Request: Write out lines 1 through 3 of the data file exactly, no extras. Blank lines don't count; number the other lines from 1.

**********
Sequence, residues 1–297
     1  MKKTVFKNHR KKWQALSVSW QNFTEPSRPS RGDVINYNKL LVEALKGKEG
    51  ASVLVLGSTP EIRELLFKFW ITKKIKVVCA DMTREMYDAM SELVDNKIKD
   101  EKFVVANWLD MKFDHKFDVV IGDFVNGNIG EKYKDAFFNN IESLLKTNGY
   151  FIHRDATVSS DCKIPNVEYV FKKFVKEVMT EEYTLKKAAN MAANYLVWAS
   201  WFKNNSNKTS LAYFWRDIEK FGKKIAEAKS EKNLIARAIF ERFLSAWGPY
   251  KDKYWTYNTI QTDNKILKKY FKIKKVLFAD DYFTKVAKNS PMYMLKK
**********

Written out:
Sequence, residues 1–297
     1  MKKTVFKNHR KKWQALSVSW QNFTEPSRPS RGDVINYNKL LVEALKGKEG
    51  ASVLVLGSTP EIRELLFKFW ITKKIKVVCA DMTREMYDAM SELVDNKIKD